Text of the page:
WASHINGTON — After a monthlong summer recess, Congress returned to work Monday with dim prospects for agreeing on ways to address the nation's energy problems, the foundering economy or long-term funding for the federal government.
Instead, the 110th Congress appears headed for adjournment next month with more finger-pointing and much business left for the next Congress to tackle in January.
Under the shadow of the impending fall election, the partisan rancor that has consumed much of this Congress resumed as party leaders borrowed from the same rhetoric they were using on the campaign trail.
In the first floor speech of the new session, House Majority Leader Steny H. Hoyer (D-Md.) promised to highlight GOP responsibility for rising unemployment, stagnating wages and the skyrocketing federal debt, noting Republicans have controlled the White House and Congress for six of the last eight years.
"This month, we will be holding them to account," Hoyer said.
Hoyer's Republican counterpart, Minority Leader John A. Boehner of Ohio, quickly shot back, criticizing two years of Democratic control of Congress.
"They have had the opportunity to lead," he said in a statement. "Instead, they have stumbled and fumbled, producing little but embarrassing ethical lapses and political posturing."
Many Republicans see political advantage in casting the first Democratic Congress since 1994 as a "do-nothing" institution, while Democrats look toward next year when, as polls suggest, they could hold larger majorities.
Some lawmakers held out hopes for progress in the waning days of the Congress.
The Senate moved toward approving more military spending. And lawmakers hope to put more money in the federal highway trust fund to make up for declining gas tax receipts.
At the same time, a bipartisan group of senators continued to work on a compromise energy bill to expand offshore drilling, repeal tax breaks for oil companies and boost federal support for other energy technologies such as lower emission vehicles and liquefied coal for transportation use.
Senate Majority Leader Harry Reid (D-Nev.) said Monday he hoped to hold votes on the energy proposal and others next week.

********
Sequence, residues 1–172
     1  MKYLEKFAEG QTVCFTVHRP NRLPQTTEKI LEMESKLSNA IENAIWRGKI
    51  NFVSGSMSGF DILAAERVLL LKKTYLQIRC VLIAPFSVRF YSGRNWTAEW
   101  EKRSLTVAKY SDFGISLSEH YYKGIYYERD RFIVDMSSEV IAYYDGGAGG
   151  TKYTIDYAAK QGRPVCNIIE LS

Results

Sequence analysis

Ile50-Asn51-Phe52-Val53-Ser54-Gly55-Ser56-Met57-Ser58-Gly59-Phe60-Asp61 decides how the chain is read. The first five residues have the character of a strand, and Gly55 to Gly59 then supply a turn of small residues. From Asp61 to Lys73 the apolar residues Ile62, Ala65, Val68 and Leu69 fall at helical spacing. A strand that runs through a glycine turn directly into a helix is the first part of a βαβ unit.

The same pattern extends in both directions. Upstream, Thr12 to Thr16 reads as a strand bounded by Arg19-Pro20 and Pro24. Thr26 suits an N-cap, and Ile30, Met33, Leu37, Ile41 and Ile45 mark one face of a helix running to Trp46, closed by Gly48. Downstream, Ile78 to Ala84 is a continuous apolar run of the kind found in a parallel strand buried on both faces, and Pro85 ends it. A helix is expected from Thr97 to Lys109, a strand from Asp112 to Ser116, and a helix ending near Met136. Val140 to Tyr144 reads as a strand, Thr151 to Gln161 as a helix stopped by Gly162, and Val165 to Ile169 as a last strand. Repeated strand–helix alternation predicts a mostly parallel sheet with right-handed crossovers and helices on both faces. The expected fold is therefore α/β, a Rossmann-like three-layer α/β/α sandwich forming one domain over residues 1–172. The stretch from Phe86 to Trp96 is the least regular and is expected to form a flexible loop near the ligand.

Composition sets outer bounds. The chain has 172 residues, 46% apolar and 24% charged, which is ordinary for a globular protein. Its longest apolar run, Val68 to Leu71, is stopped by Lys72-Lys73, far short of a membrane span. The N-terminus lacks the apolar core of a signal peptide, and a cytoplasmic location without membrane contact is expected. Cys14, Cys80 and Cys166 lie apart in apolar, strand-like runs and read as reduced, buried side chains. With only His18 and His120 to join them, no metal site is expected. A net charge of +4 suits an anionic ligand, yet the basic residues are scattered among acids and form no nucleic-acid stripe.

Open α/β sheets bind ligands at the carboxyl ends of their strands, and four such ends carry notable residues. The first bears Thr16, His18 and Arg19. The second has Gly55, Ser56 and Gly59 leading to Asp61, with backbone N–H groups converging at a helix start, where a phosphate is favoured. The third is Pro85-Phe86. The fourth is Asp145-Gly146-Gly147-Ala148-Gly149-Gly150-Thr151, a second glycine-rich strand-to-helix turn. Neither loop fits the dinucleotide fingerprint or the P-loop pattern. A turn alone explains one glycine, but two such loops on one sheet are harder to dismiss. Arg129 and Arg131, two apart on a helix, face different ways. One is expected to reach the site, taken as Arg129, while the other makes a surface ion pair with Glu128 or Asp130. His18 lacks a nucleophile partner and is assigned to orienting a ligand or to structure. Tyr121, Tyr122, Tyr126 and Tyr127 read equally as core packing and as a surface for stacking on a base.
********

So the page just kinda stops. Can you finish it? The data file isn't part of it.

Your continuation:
But obstacles to an energy compromise remain high, along with hopes for agreements on a new economic stimulus measure or the federal budget.
In the increasingly acrimonious House, the two parties have been locked in a bitter showdown over energy for months.
Democrats have signaled a willingness to lift a moratorium on drilling if plans were tied to measures repealing oil industry tax breaks and requiring that utilities generate electricity from cleaner energy sources.
But Republicans, who threw this year's appropriations process into chaos by trying to force drilling provisions into spending bills, renewed their calls Monday for an up-or-down vote on lifting the drilling ban.
The two parties also remain at odds over a second economic stimulus package.
Congress in February passed a two-year, $168-billion package that sent rebate checks to millions of Americans.
Now, Democrats are eyeing a package to provide $50 billion or more for bridge and road projects, home-heating assistance and other aid, including a possible extension of unemployment benefits.
But the Bush administration, which opposed some of these proposals earlier this year, has not embraced the idea of second package. A presidential veto likely would doom the package.
Lawmakers may pass a stopgap measure to fund the government for at least part of next year, but congressional leaders have given up on passing most annual spending bills until there is a new president.
Negotiations between the White House and congressional Democrats have begun over emergency legislation to continue funding the federal government when the fiscal year ends Sept. 30.
But even stopgap funding may be threatened by the continuing showdown over energy issues. In recent days, several House Republicans have talked about blocking any funding bill that extends the moratorium on offshore drilling, raising the specter of a government shutdown.